As Charlottesville prepares, residents share mixed emotions ahead of rally anniversary

Virginia News

CHARLOTTESVILLE, Va. (WRIC) — This weekend marks one year since the deadly Unite the Right rally in Charlottesville.

The city has been preparing for months to avoid last year’s violence, but residents are still on high alert.

There’s currently no credible threat to the city, but many people told 8News Friday morning that they will be avoiding the downtown area altogether. 

Several businesses along the mall and in the city will be closing up shop Friday afternoon and throughout the weekend due to the “what if” factor.

Managers told 8News that their employees don’t feel safe. They also said it will be tough to get around due to the road closures.

On the other hand, a food truck owner says the instilled fear of white supremacy will not stop him from clocking in. 

“People are scared. A lot of people are leaving the area. A lot of people are trying to find other things to do. We are going to just work because that’s what we are here for. That’s the reason we started a business,” Troy Robinson, with Order Up Mobile Food Cart, said. 


Governor Ralph Northam declared a state of emergency for the Commonwealth and the city of Charlottesville on Wednesday. 

Extensive planning has taken place over the past couple of months to ensure safety.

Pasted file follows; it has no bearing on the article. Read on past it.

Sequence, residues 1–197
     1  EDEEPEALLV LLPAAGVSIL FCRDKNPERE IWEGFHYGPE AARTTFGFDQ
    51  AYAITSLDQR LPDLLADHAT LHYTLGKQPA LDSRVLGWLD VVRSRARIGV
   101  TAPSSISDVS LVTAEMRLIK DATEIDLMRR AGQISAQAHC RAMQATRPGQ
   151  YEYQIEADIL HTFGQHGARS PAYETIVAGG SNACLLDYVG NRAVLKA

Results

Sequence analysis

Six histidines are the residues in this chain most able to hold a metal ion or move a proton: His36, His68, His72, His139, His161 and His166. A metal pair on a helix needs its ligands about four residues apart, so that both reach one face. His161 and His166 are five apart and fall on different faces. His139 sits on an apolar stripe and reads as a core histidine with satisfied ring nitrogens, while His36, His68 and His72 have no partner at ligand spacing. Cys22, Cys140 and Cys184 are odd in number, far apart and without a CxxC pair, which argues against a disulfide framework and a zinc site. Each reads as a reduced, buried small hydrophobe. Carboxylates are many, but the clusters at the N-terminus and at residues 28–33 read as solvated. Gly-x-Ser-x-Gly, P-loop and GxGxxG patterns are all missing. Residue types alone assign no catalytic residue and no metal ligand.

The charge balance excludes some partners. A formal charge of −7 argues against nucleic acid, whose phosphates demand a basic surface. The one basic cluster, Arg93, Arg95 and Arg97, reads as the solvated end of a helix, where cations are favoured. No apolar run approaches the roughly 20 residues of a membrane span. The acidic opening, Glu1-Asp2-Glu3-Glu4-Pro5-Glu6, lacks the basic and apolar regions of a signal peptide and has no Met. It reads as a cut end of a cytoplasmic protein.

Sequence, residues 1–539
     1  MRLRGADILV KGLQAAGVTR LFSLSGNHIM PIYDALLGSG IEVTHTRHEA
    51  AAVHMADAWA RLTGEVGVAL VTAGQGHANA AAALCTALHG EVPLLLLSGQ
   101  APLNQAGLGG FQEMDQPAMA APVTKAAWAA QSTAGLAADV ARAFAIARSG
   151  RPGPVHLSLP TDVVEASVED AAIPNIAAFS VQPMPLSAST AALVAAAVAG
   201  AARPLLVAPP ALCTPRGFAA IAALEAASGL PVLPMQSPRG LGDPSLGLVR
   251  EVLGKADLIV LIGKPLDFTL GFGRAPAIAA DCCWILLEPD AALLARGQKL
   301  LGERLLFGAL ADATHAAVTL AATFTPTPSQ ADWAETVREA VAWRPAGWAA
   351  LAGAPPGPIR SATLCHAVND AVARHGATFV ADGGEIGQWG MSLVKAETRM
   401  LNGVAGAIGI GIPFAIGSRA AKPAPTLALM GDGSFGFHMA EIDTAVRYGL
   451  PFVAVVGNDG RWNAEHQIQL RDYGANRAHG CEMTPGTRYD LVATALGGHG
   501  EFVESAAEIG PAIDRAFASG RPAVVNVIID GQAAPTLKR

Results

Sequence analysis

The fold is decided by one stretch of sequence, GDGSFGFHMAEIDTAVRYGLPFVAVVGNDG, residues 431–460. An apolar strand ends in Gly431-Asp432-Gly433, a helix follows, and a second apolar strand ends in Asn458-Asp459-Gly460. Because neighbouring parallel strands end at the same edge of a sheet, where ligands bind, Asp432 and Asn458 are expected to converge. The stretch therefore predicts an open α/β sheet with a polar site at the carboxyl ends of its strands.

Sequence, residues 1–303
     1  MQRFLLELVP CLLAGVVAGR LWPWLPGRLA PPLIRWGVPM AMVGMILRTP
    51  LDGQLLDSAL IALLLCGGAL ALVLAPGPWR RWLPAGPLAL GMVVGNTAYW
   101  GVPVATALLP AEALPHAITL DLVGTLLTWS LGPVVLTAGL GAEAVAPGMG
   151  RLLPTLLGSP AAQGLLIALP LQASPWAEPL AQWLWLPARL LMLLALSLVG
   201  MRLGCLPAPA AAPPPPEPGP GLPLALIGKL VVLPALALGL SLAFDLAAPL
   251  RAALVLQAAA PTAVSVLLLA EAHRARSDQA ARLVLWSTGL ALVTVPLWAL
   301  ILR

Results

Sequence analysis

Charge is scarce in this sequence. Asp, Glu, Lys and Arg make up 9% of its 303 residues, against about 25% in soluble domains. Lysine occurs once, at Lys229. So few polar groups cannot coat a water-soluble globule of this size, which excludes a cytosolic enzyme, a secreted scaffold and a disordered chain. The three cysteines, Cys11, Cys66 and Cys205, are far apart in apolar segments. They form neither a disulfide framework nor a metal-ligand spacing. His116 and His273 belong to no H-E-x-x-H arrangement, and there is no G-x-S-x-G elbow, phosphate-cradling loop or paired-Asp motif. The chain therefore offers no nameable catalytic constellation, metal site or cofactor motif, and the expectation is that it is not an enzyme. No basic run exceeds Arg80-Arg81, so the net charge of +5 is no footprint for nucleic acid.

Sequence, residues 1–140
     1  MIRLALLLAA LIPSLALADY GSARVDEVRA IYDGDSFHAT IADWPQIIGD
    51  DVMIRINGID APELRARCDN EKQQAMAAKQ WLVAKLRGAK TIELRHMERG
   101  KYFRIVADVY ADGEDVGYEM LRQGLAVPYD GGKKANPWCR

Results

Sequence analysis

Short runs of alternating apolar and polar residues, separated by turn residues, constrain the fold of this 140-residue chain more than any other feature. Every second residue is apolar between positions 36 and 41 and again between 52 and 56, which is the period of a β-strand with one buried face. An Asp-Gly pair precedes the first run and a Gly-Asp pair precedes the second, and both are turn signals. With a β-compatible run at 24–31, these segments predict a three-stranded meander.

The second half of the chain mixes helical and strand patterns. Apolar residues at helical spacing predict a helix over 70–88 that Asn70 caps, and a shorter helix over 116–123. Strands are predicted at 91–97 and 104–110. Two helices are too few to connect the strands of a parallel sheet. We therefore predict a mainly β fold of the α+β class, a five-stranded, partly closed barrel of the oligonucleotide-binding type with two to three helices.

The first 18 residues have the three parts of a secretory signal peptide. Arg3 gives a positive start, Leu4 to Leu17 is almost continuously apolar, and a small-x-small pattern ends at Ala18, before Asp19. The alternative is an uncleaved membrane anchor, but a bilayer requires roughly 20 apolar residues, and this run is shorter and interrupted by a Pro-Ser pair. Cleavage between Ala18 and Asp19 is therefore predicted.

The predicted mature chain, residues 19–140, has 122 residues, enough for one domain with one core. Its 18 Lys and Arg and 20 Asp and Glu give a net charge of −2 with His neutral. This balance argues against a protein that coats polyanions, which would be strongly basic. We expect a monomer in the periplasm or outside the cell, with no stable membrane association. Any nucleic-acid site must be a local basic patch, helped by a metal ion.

To make sure that cars and pedestrian’s stay away from each other, there will only be two designated areas for people to enter and exit the downtown mall. 

At this time, there’s no specific threat, but intelligence will be monitored all weekend. More than 700 state police troopers are expected to be in the area, and about 300 Virginia National Guard soldiers will be on standby.

Newsplex reports that the University of Virginia Health System and Sentara Martha Jefferson Hospital will both employ extra staff and be taking extra precautions in case of another mass casualty incident.

Multiple agencies and departments have come together over the last six months to prepare for the worst.

“That presence is here as a support to our citizens, as well as a deterrent to anyone who would want to come into the community and exercise their first amendment rights in a way that would violate someone else’s first amendment rights,” Charlottesville Police Chief RaShall M. Brackney said. 

There’s a long list of items that are not allowed on the downtown mall, including knives, bats and masks. Handguns are allowed because of the second amendment. 

Barricades will go up and road closures will take effect beginning on Friday. 

On Saturday, several hundred people have made their way into the downtown security area since the perimeter was established at 8 a.m. Several items have been confiscated, however. Officials say a pair of brass knuckles, a razor, a multi-purpose knife and aerosol cans. 

Stay with 8News for updates all weekend long. 

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